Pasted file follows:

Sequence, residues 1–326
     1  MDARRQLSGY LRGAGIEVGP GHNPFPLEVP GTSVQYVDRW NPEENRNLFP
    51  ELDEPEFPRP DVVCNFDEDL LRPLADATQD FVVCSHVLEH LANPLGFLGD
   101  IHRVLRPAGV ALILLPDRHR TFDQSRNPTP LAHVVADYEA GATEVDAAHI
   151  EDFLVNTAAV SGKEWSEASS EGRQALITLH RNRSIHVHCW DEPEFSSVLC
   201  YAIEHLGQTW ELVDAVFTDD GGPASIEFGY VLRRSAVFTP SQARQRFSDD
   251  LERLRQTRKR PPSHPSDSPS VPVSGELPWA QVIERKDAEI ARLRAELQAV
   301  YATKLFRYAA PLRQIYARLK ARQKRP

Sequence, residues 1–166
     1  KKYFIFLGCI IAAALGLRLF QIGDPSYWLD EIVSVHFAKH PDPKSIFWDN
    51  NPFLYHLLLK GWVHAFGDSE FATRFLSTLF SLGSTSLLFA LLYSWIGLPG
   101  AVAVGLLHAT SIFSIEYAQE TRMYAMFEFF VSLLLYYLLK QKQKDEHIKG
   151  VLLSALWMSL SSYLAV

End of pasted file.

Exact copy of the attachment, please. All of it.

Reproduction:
Sequence, residues 1–326
     1  MDARRQLSGY LRGAGIEVGP GHNPFPLEVP GTSVQYVDRW NPEENRNLFP
    51  ELDEPEFPRP DVVCNFDEDL LRPLADATQD FVVCSHVLEH LANPLGFLGD
   101  IHRVLRPAGV ALILLPDRHR TFDQSRNPTP LAHVVADYEA GATEVDAAHI
   151  EDFLVNTAAV SGKEWSEASS EGRQALITLH RNRSIHVHCW DEPEFSSVLC
   201  YAIEHLGQTW ELVDAVFTDD GGPASIEFGY VLRRSAVFTP SQARQRFSDD
   251  LERLRQTRKR PPSHPSDSPS VPVSGELPWA QVIERKDAEI ARLRAELQAV
   301  YATKLFRYAA PLRQIYARLK ARQKRP

Sequence, residues 1–166
     1  KKYFIFLGCI IAAALGLRLF QIGDPSYWLD EIVSVHFAKH PDPKSIFWDN
    51  NPFLYHLLLK GWVHAFGDSE FATRFLSTLF SLGSTSLLFA LLYSWIGLPG
   101  AVAVGLLHAT SIFSIEYAQE TRMYAMFEFF VSLLLYYLLK QKQKDEHIKG
   151  VLLSALWMSL SSYLAV